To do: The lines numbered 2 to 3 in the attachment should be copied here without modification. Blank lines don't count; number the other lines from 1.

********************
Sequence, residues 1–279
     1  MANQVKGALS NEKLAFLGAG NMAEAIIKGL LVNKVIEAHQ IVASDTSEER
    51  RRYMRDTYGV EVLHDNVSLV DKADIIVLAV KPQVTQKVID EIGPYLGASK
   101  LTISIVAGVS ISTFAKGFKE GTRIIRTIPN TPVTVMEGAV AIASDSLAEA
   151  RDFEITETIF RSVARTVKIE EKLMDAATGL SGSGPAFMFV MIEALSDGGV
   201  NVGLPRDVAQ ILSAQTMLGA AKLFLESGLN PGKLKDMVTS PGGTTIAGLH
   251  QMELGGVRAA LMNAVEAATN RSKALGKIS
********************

     1  MANQVKGALS NEKLAFLGAG NMAEAIIKGL LVNKVIEAHQ IVASDTSEER
    51  RRYMRDTYGV EVLHDNVSLV DKADIIVLAV KPQVTQKVID EIGPYLGASK